The Algona Republican from Algona, Iowa on May 8, 1895 · Page 3
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The Algona Republican from Algona, Iowa · Page 3

Algona, Iowa
Issue Date:
Wednesday, May 8, 1895
Page 3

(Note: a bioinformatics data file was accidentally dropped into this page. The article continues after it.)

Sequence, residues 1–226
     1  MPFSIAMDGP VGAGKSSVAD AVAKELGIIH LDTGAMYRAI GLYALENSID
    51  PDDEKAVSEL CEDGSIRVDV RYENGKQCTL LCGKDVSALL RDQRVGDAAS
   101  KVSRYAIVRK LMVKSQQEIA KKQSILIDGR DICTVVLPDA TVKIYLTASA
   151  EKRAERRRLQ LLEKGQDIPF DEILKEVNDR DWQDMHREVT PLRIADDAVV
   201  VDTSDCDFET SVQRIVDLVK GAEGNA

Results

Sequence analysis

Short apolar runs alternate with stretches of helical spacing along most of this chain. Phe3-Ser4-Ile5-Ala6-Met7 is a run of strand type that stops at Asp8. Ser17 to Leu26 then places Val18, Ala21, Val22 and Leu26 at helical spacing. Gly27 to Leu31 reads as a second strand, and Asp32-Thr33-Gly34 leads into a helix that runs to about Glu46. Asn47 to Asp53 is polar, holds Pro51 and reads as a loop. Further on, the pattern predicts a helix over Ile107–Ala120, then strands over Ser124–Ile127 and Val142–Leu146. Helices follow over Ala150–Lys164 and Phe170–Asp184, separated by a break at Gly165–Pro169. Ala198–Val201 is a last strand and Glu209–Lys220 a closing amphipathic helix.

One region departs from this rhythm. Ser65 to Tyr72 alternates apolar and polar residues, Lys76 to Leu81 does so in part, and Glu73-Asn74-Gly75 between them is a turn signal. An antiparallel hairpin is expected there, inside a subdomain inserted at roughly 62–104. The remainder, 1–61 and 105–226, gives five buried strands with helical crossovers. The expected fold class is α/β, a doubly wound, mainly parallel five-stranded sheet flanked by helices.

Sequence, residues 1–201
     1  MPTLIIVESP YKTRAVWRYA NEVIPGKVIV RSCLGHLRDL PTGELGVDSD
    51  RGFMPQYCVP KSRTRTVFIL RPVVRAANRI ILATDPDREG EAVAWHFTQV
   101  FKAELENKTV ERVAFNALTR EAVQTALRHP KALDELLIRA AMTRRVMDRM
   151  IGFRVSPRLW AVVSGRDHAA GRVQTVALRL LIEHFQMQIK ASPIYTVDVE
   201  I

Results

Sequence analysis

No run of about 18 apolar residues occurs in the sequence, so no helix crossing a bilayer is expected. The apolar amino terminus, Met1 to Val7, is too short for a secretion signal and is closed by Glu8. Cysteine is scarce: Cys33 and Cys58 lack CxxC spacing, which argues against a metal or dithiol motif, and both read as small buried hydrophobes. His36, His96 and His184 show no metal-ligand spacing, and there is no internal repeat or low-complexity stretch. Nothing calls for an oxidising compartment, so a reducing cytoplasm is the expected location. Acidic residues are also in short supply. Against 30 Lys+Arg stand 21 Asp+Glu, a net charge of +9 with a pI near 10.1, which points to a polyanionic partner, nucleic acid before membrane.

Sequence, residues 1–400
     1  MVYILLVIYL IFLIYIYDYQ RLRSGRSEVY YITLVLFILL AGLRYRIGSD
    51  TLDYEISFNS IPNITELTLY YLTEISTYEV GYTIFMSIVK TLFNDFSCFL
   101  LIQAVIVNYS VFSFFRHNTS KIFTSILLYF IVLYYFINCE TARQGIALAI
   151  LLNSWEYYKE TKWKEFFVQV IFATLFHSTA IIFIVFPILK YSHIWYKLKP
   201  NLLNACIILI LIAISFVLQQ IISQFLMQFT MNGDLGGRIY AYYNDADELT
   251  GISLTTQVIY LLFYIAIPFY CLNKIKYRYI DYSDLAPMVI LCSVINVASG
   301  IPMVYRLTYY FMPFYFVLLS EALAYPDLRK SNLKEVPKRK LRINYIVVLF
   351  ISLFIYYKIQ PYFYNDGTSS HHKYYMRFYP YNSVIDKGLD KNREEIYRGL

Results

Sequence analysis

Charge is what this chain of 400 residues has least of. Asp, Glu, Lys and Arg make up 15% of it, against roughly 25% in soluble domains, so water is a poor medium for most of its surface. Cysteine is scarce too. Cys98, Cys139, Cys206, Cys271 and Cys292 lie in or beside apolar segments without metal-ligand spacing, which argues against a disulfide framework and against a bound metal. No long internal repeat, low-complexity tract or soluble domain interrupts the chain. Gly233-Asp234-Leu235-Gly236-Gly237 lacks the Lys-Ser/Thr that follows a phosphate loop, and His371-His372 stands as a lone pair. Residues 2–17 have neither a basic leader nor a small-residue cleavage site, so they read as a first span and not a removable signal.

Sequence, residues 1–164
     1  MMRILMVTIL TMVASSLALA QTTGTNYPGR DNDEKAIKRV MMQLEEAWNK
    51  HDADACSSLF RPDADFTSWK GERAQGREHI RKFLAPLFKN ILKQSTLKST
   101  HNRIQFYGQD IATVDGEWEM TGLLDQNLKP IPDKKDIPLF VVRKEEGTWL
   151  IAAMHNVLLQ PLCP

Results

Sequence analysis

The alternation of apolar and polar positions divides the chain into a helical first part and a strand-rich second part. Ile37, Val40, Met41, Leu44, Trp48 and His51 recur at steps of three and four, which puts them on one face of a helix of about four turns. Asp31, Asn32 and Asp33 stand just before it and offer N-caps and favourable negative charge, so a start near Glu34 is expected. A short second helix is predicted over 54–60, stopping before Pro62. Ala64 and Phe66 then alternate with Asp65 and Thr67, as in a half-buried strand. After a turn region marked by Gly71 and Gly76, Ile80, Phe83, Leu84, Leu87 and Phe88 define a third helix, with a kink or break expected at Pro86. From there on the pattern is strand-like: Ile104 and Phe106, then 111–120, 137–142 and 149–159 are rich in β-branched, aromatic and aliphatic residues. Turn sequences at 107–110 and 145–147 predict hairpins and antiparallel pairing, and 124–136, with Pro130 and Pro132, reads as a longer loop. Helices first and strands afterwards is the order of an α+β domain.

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THE JfettflBMCAH, ALBOJfA, 10 AN IOWA CYCLONE WESTERN PARt IN THE NOfVfH* t>F THE StAtE. Early. Estimate* tt*WA «ie lOM «f t"e at fifty, «nt later «etu*nS Kednco It to tne fid*na°tnotfd of ft Dozen-tl*e Kiilfed ft* St. Charles, Ills. Sioux Ci*Y, la., May 4.~At least 60 people ft*e believed to have been killed in the terrible cyclone that passed over this part of Iowa. No otte yet can tell how great the loss of life is, or how extensive the damage until reports from the outlying districts have been received. The telegraph wires in this section are all down and authentic information is hard to get. Three school houses are known to have been demolished, two teachers and several pupils and nearly a score of others killed and many buildings have been wrecked. DEATH LIST REDUCED. Fatalities tfrohi the Iowa Storm less Numerous Than ftt first Supposed. Sioux CITY, la., May O.-Order is coming out of chaos in the narrow district of Sious county, Which was swept bv the tornado on Friday afternoon. Prompt aid has made the survivors of the devastated country aa comfortable aa possible. Nearly all the dead are HOW buried, and none of the in 3 ured now living are though* to be fatally hurt The Journal's staff representative, who went all over the ground swept by the storm, says $10,000 will cover the property damage, including houses, barns, outbuildings and fences. In few places are the crops seriously damaged, for grain cannot be up far enough to be killed or lodged by the wind, and the principal injury in the fields was by the Postering of mud which they received. This "mud shower" was a prominent part of The Phenomena of tho Storm, but it- seems that the power of the wind simply scooped up the black, wet earth from the surface in several places and distributed it over other fields. The correct list of dead numbers 10. None have died since Saturday. About SO persons were injured in Sioux county. , , The mayor of Sioux Center appealed to Sioux City for aid and a public meeting was held and arrangements made for sending clothing and money. Officials of Sioux county, however, say it is not needed; that all have been properly cared for and the people of the neighborhood are well able to doit. In the whole of the territory covered by the tornado but three, farmers were renters. All the rest were well-to-do and some are wealthy. .__ FIVE KILLED AT ST. CHARLES. High Wind Blows Down a Building, Causing Death and Destruction. . ST. CHARLES, Els., May G.-During a heavy windstorm one of the walls of tho Lungreeu & Wilson building was blown down, causing the death of at least five persons, and-it is feared others may be discovered in the ruins when the search is undertaken. Three persons were also badly injured, one of - whom may die. The dead are: Miss Viola Anderson, dressmaker; Mrs. iiat- tie Church, milliner; Luke Causton, Charles Johnson. Joseph Thompson. FOUR~PERSONS DROWNED. Record of the Opening of the Aquatic Sea- gon at Detroit. DETBOIT, May 6.—The opening of the season of aquatic pleasure was marked here by the drowning of four persons. At 8 o'clock John Moriarity, aged 16, and Prank Connelly, aged 14, were drowned while swimming. At 5:30 a sailboat containing George H. Baugh, his wife and brother-in-law, George Emmons, was capsized in the Detroit river, off Sandwich point. Mr. and Mrs. Baugh were both drowned before rescue reached theni^ THE "SHEBOYGAN STRIKE. TUlrty-ave Hundred Men Out rend No Settlement in Sight. SHEBOYGAN, Wis., May 6.—A large meeting of strikers was held up during the afternoon and the men were told to become more united in their efforts to oeoure higher wages. They will endeavor to close other woodwork factor ies, but in trying to do this they claim that they will not resort to violence. Some leaders state that the strike will spread to foundries and other establish' ments. There are now 3,500 men out and no settlement of tho trouble in sight, CANUCKS FEAR TROUBLE. BUKt ftttrdere* of OfttftorWe felftft Witt tfos tlfe iti Pri*on. MifcNBAFOtts, May 6.-01aus A. Blist, the self-confessed slayer of Kittie GUng, appeared before Judge Pond in tho district court. He entered a plea of guilty. Judffe Pond at once sentenced him to the state prison for life. Although the trial of Blixt was not expected to occut FHE WABSHIPS SAIL BRITISH EVACUAtE THfc CORlNfO PORT OF MAT CLATJS A. BLIXT. until May 14, the prisoner decided to plead guilty at once and throw himself on the mercy of the court. Hay ward expressed little surprise Blixt's change of plea or at the sen tence. "That fellow is pretty cute, 1 he said, "and has hypnotized the whole country. I wish I could have a talk with him and have somebody hidden in the room. I am sure people would find out then that he would never dare face me and say what he had been telling has been true. I know better than that." TT As to his own case, Hayward said flatly that he had but little hope of escaping the gallows. He remarked complacently that he expected a funeral about the first of the year, and jocularly called the attention of Sheriff Holmberg, who stood near, to the fact that he would have to manage the execution. DIED OF SMALLPOX. And frlcaragaA *»» Satisfy the fe«m<md« of Ot-cftfc BHtftltt-Centrftt American States Said to B« *iom1>lnln« Against EnglUh Prod nets. MANAGUA, May 6.-The Nicaraguan Koverument, having through the Sal- adorian minister at London, accepted the modified ultimatum of the British government, the dispute between the two countries is practically at an end. Orders were cabled from London to Rear Admiral Stephenson, commanding the British squadron at Connto, directing him to evacuate the port Sunday, and shortly after the flag denoting that religious services were in progress on board the warships was hauled down, the marines, who had been drawn up in front of the customhouse, were ordered to return to their ships. A fow minutes later The British Flag Wafl Itauled Doxvn from the government building, _and soon the soil of Nicaragua Was rid of the British invaders, and the long strokes of the sailors were sweeping the heavy boats to the warships lying in the harbor. Hundreds of persons assembled along the shore to see the em barkation of the marines, and a went upas the noses of the headed harborward. The warships were soon riding at short cables, but their departure was delayed by the tide until afternoon. It was expected tha^ the depart with tho other the fleet, but when 00 NOt LOVE ocrats at Chlcftga Score *h« rlfcttt'ft Financial Potttf IHICAOO, May 8.—The con » . bic convention held here preparatory he Democratic state monetary con- K\ to be held in June, developed hot. anti-Cleveland gathering. !e president was denounced and re- Mated and wild applause of the deie- ;es greeted every criticism of the ministration with enthusiasm. Ex- dge McConnell of Chicago, president the Iroquois club, delivered an ex- .sivo address, in which he declared at tho president elected by tne mocrats had become the prophet d the standard bearer of Everything Bat True Democracy. Ex-Congressman Bryan of Nebraska ,undly scored the administration, and iher speakers followed in the same aiJi Out of the 700 delegates to the .nvention only about 850 were pres- ut. The platform adopted by the con- en tion declares for the free andunlim- bed coinage of gold and silver at the atio of 10 to 1. A determined effort be made to have the .same platform the state conuentiou in 'feteaday, . Mrs. Patnell'9 condition remains unchanged. New srdallpox caaes are being almost daily reported at Cleveland. A rich vein of copper ore haa been discovered near Highland, Wis The international graTad lodge ol B'Nnai B'Rrith convened Sunday in Cincinnati. MI*,, Over £100 000 has been subscribed tp- wSd the establishment in Philadelphia S a protectory for wayward Catholic boys of that diocese. Mrs Martha Wallen of Blackwater, Va stabbed Mrs. Jane Wallace to death with a pitchfork. The murder was the outcome of jealousy. jx^rw°£Spfr^,^| %ss&s^&%^ Mrs. S. S. Merrill, widow of thefor- .doptad une. b.7 teen ed», member of «» kee school board. cheer boats Table Showing the Kavages of tlio Disease in This Country. WASHINGTON, May 8.—A tabulated statement published by the marine hospital bureau gives the number of deaths from smallpox which occurred in each state or territory of the Union during the year 1894, as well as the number of cases. Deaths were: Arizona 1, Arkansas 20, California 3, Connecticut 17, District of Columbia 0, Illinois 887, Indiana 10, Kansas 7, Kentucky 1, Louisiana 1, Maine 1, Massachusetts 3, Michigan 8-i, Minnesota 4, Missouri 2, New Jersey 18, New York, 837, Ohio 37, Pennsylvania 34, Rhode Island 3, Tennessee 1, Wisconsin 253. In several states the disease has been more virulent since the beginning of the present year than it was before. A HEAVY FAILURE. flagship would two vessels of the water was high enough on the bar to permit the passage of the vessels, only the Wild Swan and the Satelite got under way. The flagship, the lloyal Arthur paid out her cable again, and this lact was believed to confirm a report that she would salute the Nicaraguan flag when the government repossessed itself ot iho port. | Comblninst Against Great Britain. Great Britain has successfully played the role of a hawk and tho flurry caused by her actions shows no sign .otj subsidence. The governments of al the Central American states and thos< of several of the South America: countries have telegraphed to Presideu Zelaya suggesting tho formation of i commercial union against the produc tious of Great Britain, and also agams the transportation of Central and South American products in British bottoms. If such a union could be definitely ar- WILL ONLY ANSWER NO. ilnnitolm'a Reply to the Order of the Dominion Government. WINNIPEG, Man., May 4.-Members ,. the Manitoba legislature are gather- agfor the reopening of the house next Thursday, when the now celebrated •ernedial order o« the Dominion govern- enton separate schools will bo tally disposed of. There is no rnistak- ag the reply Manitoba will give to ittawa, The answer will be in effect ["that inasmuch as this legislature was ilected to support national schools it must adhere to that policy, on account of which it was returned to power, ana that before this government can give anv other answer than that the m> nurnber of in annualconven- * Wednesday, May 1. Wheat dropped 1% cents at Chicago Tuesday, closing at 02%. Ex-Mayor Grant was married at Washington to Senator Murphy's daughter. Railway surgeons to the over 1,000 will meofc tion at Chicago. Efforts are being made to establish a line of steamships between Golveaton and Mexican ports. The supremo council, Uniformed Bank Knights of Pythias of the world, is in session at Indianapolis. Land Commissioner Lamoreaux has left Washington with his family for his home in Wifconsin. He will be gone two weeks. _ llciMerl ftefrr ItftliSpel, *»«*., ft*** a fifent WKh l«di«Wft, f POANE,Wash., May G.-The trouble' between settlera and renegades of Kal- ispel valley, which has been brewing for a long time has at last resulted in ft conflict, and the present state of affairs in the valley indicate serious trouble, and bloodshed is sure to result unless the government at once steps in with troops to protect the settlers. Hostilities commenced on Tuesday.when three settlors named William Jared, 'Bid Jared and Oscar McLaughlm were attacked by a band of redskins led by Big Jim, who attempted to drive them from a quarter section of land which they were fencing in. Big Sam opened things by drawing an iron bar from under his blanket and aiming a blow at William Jared, who Was felled to the ground. Killed One Man. The other redskins rushed in with knives and clubs and after a short time, the whites, badly hurt, succeeded in making their escape, one white man being killed. The Indians ran to their camp, a mile distant, and soon returned fully armed, but the settlers had put the river between themselves and their °The settlers along the valley arc thoroughly aroused over this latest outrage and are arming themselves preparatory to driving the redskins out of the country. The Indian agent, who is powerless to control theso renegades, has appealed for troops to prevent bloodshed. ',£.13 MILLERS TO COMBINE. of tki.1V VJU1A13A U«-*o " v ~ , , j tioual school system is to be maintained it must discover afresh the attitude of tho psople o£ Manitoba upon this question!" In other words the Manitoba government will say ill and •no' the the to remedial order and will go to country for an expression of opinion upon its action. PROBABLY NOT TRUE. Reports About, the Vandorbllts and tho Great Northern Are Not Believed. NEW YORK, May 4.-Careful inquiries have been made amongst railroad men in this city who have interests in the Great Northern, Union Pacific, other roads in ret- published reports about having secured the ranged and the terms be put into force auife a severe blow would i be ^deaU ^toj ^^—^ g - £ ^ Great North . Troops in Readiness to Proceed on Instant Notice to the Frontier, WINNIPEG, May 0,—There was great activity in dragoon barracks during the day owing to the order issued Eo_th«i troops to be prepared to proceed to Jarney at a moment's notice, Five hours after the order was received th& troops wej,-e ready to march, dragoons are a regular force drilled t.p both cavalry and foot service, T u deputy adjutant general said that could put 3,000 drilled men in the " from among the Winnipeg corps alone within 34 hows. It is stated here that United States Marshal Oman made the arrests he sought at Johns without resistance- A. P. Clarke & Co., I-uinbermeii,,, Make an Assignment at St. Cloctd. ST PAUL, May 0.—A special to The Globe from St. Cloud, Minn., says: Just before the closing of the office of the district court Saturday afternoon a deed of assignment was filed by N. P. Clarke & Co. to Lucas Kells of Sauk Center. The assignment was kept a secret, but leaked out later. The liabilities are estimated from $500,000 to SBOO.OOO, and the assets as high as 81 250 000. The firm consists of N. P. Clarke of St. Cloud and • his nephew, FredH Clarke of Minneapolis, whose interest is nominal. The place of business of the firm is in Minneapolis. BREAK THE MEAT TRUST. Said tho Administration Will T,et Down the Bars for Canadian Cattle. NEW YOBK, May 8.—There is a very good prospect that the grip of the meat trust will be broken within the next few days by the Cleveland administration. Inside advices received here are to the effect that the authorities at Washington are about to remove the embargo on Canadian cattle, which has been in operation for several years past. Gresunm Suffers Wueh. WASHINGTON, May' 4. ^Secretary Gresham passed a restless night and is much prostrated as the result of the severe pain he has experienced. The acute symptoms, however, have abated their severity, and it is hoped that in the course of a few days the secretary will have gathered strength sufficient to enable him to undertake a visit to some near by health resort, where he may recuperate, ^ British trade, and eventually the Brit ish government would find that its treatment of Nicaragua had cost it a sum of money far in excess of the smart money that she demanded from Nicaragua. _______ JAPAN'S REPLY TO RUSSIA. She Will Give Up Part of Manchuria, but Aslts More Indemnity. NEW YORK, May. 0.— A special dis. ~patohJ;.Q'THo-5SOTld from-Tokm saysi— Japan's replyto-the protest of-Bus- sia France and Germany against taking from China the Liao Tung peninsula is in substance this: When China ratifies the treaty ot peace, signed at Simonoseki, Japan will renounce possession of the province of Manchuria, except the part of the Liao Tung, peninsula extending from Port Arthur to Talien. In compensation for the giving back of this Chinese territory Japan will ask a largely increased indemnity. The response of the three European powers is awaited. All reports of Japan's reply inconsistent with the foregoing are false. eru and are preparing to relieve Mr. Hill of the. control of the system. They all agree in saying that so far as they know, there is no truth in the story, and Receiver Payne of the Northern Pacific said: "There is nothing in it as far as I know, and if there was 1^ would have heard something about it." ,•' '"',, Commissioner I.yman Ilesigns. tion of Charles Lyman of Connecticut, as a member of the United States civil service commission, is in the hands of the president. It is not known just what this signifies but it is regarded as likely that the commission will be practically reorganized. Wtlde Granted Ball. LONDON, May 4.—Upon application -of counsel for Oscar Wilde the judge decided to admit the prisoner to bail. LATEST MARKET REPORT. Thursday Secretary Gresham is again confined to his rooms at his hotel. A receiver has been appointed for the American Waterworks company of Illinois. ,, General John Newton, president ot the Pan American Railroad company, is dead. • General Manager Browning of tho Northern Pacific Express company has resigned. It has been decided that Ottumwa will enter the Iowa base ball league thus making it an eight club league. John King has resigned the receivership of ehe Erie railway and to. tf. Thomas heen appointed to the place. Mav day was celebrated throughout Bnrope generally. Disorderly demon- SSions are reported from several places. W T Loper, night manager of the United Press in New York city, committed suicide at the Arlington hotel by inhaling gas. Friday, May 3. Forest fires are doing great damage in the vicinity of Bradford, Pa. Japan is said to have agreed to modifications of the treaty of peace in accordance with the desires of the intervening powers. ^" c The 'Emperor" of China nascent 200 bolts of the most valuable silk to the Emperor of Japan, as a token of his desire for peace. Important changes in tho rules governing the interchange of cars will come up for consideration at the next meeting of the Master Car Builders' association. The Standard Telephone company has decided not only to compete with the Bell Telephone company in the Dinted States, but have organized a company with a large capital to enter the field in Mexico. A Meeting in Chicago for tho Purpose Keeping Up Prices. CHICAGO, May G.-Flour is to follow oil, beef and wheat in a plunge tor higher prices if certain millers have their way. The United Miller's associ ation was to have held a conference in Chicago. Representatives of milling industries in Minneapolis, Milwaukee, Buffalo and Rochester were to have been here and an attempt mads to limit production, secure control of the spring wheat crop and force prices higher. Present prices, the millers claim, are foo low for any profit. Tho meeting was not held in the hotel parlor engaged for it, but it is said the convention came off in the Chicago offices of one of the companies interested. Bonbt if tt Can Bo Done. Chicago traders doubt if any combination having its head in Minneapolis could secure sufficient spring wheat to shut out from production the mills which are not in the combine, but an official of the board of trade said that wheat would be 75 cents by June 1, and that in itself would advance flour to $4 a barrel without a combine. Tho organization, if perfected, would, it is estimated, directly control 50 mills, indirectly 100 more and have some 200,000 000 bushels 'of spring wheat to keep out of the hands of the speculators and 17,850 other mills not in the combine. REMAIN OUT. To Join a Colony, VANCOUVER, B, C,, May I,-Fifty- three immigrants from Minnesota and three imwg^_ ^ .^ ^ ^^ 47 fttBeilecopla. Most of these are women and children, wives and families of settlers already IIP there The colony will now have about JoO people- „, FOREIGNERS IN DANGER. Situation on the Island of Formosa Said to Be Alarming. Hoxa KONG, May p.—The situation in the Island of Formosa is serious and fears are entertained for the lives of foreigners there. British and German marines have been landed at Anpmg. on the southwest coast to protect the foreign residents and Taku harbor, south of Aupiug, is being patrolled by blue jackets in armedjaunches. CUT THE -DYKES, ' River Embankments Near Pekin Destroyed by Order of tho Emperor, SHANGHAI, May 4,-In accordance with a special imperial edict issued in order to' prevent tho possibility of the Japanese entering Pekin, the Chinese have cut the river embankments near Pekin Miles of territory have been flooded and hundreds of Chinese have been drowned, , Signed by the Chlne^n Emperor. LONDON, May 4,—The "Times has a dispatch from Shanghai stating that the emperor of China ratified the treaty of peace with Japan Thursday and that Li Hung Chang will at once proceed to Che Foo to exchange ratifications with the Japanese representatives.. XT , No. l Grain. i MILWAUKEE, May 0, 1895. FLOUR— Dull. WHEAT— No. 2 spring, 04%c: Northern, 02c; July, 6-t^c. CORN-NO. 3, 49^0. OATS-No. 2 white, Sa^c; No, 3 white, "BARLEY— NO s, soc; sample, 5Sc. _ _ Minneapolis Grain. MINNEAPOLIS, May 6, 1895. WHEAT-May, 66^0; June, 66&@68>go; July, 66K@e8^c; (September, 640. On Track-No. 1 hard, 67Mc; No. 1 Northern, 66%o; No. 2 Northern. 6-^c. * Duluth Grain. DULUTH. May (i, 1895. WHEAT- Cash, May, No. 1 hard, 07%c: No. 1 Northern, 07c; July, JNo. 1 Northern, 67%u; September, No. 1 North- St. Paul Union Stock yards, SOUTH ST, PAUL, May 6,1895. HOGS—Market 5(glOc lower. Range of prices, 84.80@<i.50. CATTLE—Market firm on good grades. Prime cows. $4.00@4.50; good steers S3 5Q@4.00; prime cows, *8,75@3.T5; good cows, *8.35@5J.75; common to fair cows $1.50@3,25; light veal calves, heavy calves, $8,00@3.00; stackers, 9,50; feeders, 83.31@8.00. Saturday, May 4. The Bank of Commerce at Newkirk, O. T., has failed. The Portland, (Or.) street railway interests are to be consolidated. The 17th annual session of the Wisconsin grand council of the Eoyal Arcanum is in session at Milwaukee. The federal officers at San Francisco have received word from Attorney General Oluey to drop all legal proceedings against the Oakland strikers. Representative Hitt's condition shows no improvement. In addition fro the other complications in the case'the patient has at times great difficulty in breathing. , Henry C. Hastings, the milkman who has been on trial for th^murder of Attorney Edward P. Hilliard at Chicago, was acquitted. He was declared insane, C A. Sampson, the strong man, has challenged Sandow to compete in feats of strength for a wager of $5,000 or $10,000 a side. He suggests li? feats, ' to be selected by each man, the pro : DECIDE TO Strikers at Sheooygan, Wis., Answer Employers' Ultimatum. SHEBOYGAN, Wis., - ,May 4. —The-; Crocker Chair company has informed, their striking employes that the company could not grant thamen's demand for a restoration of the wages of 1899 and gave their reasons why. At a meeting held later the men decided to remain out. There are now 3,000 men out and the strikers are still endeavoring to cause more walkouts, and will probably succeed. Two men who worked in one of the tanneries were attacked and whipped by three women when returning from, work. EVANS OUSTED. •*4 l( "S Eleotoa Con- Peter Tnrney Declared Legally Govei'nor of Tennessee. NASHVILLE, May 4.—The joint vention of the legislature has decided that Peter Turney received a majority of legal votes cast at the November election and was duly elected governor of Tennessee. The day was spent in discussion, which lasted until 12 p. m,, when a vote was taken, which resulted as above stated. ' A battery of artillery boomed forta the news to the sleeping city and enthusiasm prevailed. Tho attendance at the capitol was great and the enthusiasm was most marked. Ask an Increase in Wages- ,• MILWAUKEE, May 4.—The executive, committee of the Union of Street Rail- • way Employes, which has charge of the : matter of the new schedule of wages, called at the office of the Milwaukee i Street Railway company and asked *— an increase of pay to 80 cents an 1 " rket rm on goo gra. sxtobe seece , i^« ±,*~_ , uu mw. 0 «w «* rrv '•""", T;-v ;v '„_..„'''f. 00@4i50 . good steers, pose ^ feats to ba written and sealed and There is lit tie likelihood that the cop * common, $2,25@3.50. Reeeipt-s: St. Wooley, B,QSTQN, May a. —A movement is OB loot among the Prohibitionists of ftp east to support Bon,, Jojin G, Woo}ey oi Minnesota as the presidential qandj. date of the Pwhttrftfon. party in fb§ campaign 9? 1898, W fe WWHWW* that Mr. WoQl§7 to the support Francis '& Wilted aj4 <* tt» V. ft BUppOyt Tennessee Governorship Contest. NASBVJM*, Tenn,, Ma/ »,— The two hoftses of the state legislature met in joint convention to consider the -ow- for the governorship between Peter uroey, Pemoopat, and H. Qlay Evans, LQWSSTOFT, Eng,, May 8,-Tlie coroner's jury which has been Juvestigat. of the sinking of the | Chicago Union Stoofe Yards, CHICAGO, May & l 8 ^ 5 - aull and prices 10 0 Jcwer, 3 5r a collision which occurred early «»d shipping only"open"ed" when the men are on the | stage ready to begin the contest. Monday, May o. England has a cabinet crisis on hand. Mrs. John W. Mackay arrived from Europe on board the Paris Lady Kimberly, wife of the secretary of state for foreign affairs, is aead. The Fremdenblatt announces that Count Kalnoky, the imperial minister for foreign affairs, has resigned, Thomas Pobbs, extensive at pany will accede to the demands strike is looked for. for the erea t Lakes Seventeen of *Ue Crew PORT TOWNSEND, Wash,, May News has been received from Island, Alaska, that the George R, White of Seattle wrecked in a gale on. April 14, teen of the crew wepe either or frozen to deat;k< BigU' shore and still survive, The Kodiak was also wrecked in the same place. tfte i ^publican, Majority and wwonty « Y-, May shearing and granted a of the governor of Cal^gyn^a of A. * Wbitaww, iliUOA VT vvir*^"9"*T * r*T—T» •' • >" • - I l* fc TiT'<**'* c? -IT--- • • — i -•- _ Of\ f\i~ivta I ft i *• Uflll tn in the morning of Jftn, 80* last, re * I ppugli. • I Y,, aged so years- fireenwuv PIUMU turned a verdict of gross negligence pATTWS—Market dwlU nominally uo« ^he weavers'strike at the Seneca (N, PEOBIA, Ills., May ^ u-non the narfc of the mate and lookout changed. Mnn t na steers si 35® Y.) wool mills which has been in pro- hut denies the state} 3£? of £, JMMhTteamer Ontbie . Pra«4 ^ ^^F&S\fS. gross for several ^eks has beenj£ M(?Nulta tlia t he _ bas tb0 statement; wan of the British, steamy which, ran into and sunk tUe frfl • POWB ftud bulls, 81.8505,10; TWfts, 6,-Uait§4 .states senator Job» M-" Palmer in an inter Here d.aclftre4 $Uat the Pemooraoy of tfce state has a very gloonyv ' before ty, a»d m US W » Receipts: gheep, 5,000. slow Hogs, U.OOO; 300; fKd off. ^The"settiemeut was effected by "the state board of arbitration, Captain. ThQWas Pobbs, extensive vessel owner and widely knoww . __ the great lalse,s, Js dead at Oswego, "«' w 3Gfc&:'SBSrWtf 1 suits. suits gasisation o,Jso (lefties, his tfeolSits flge'lftsSli^ m — -~nfg>^^iii" •i', '^M'Vg^'iJ x >'%" -i'V lE.'.S^ttt^&V^'.'Vj,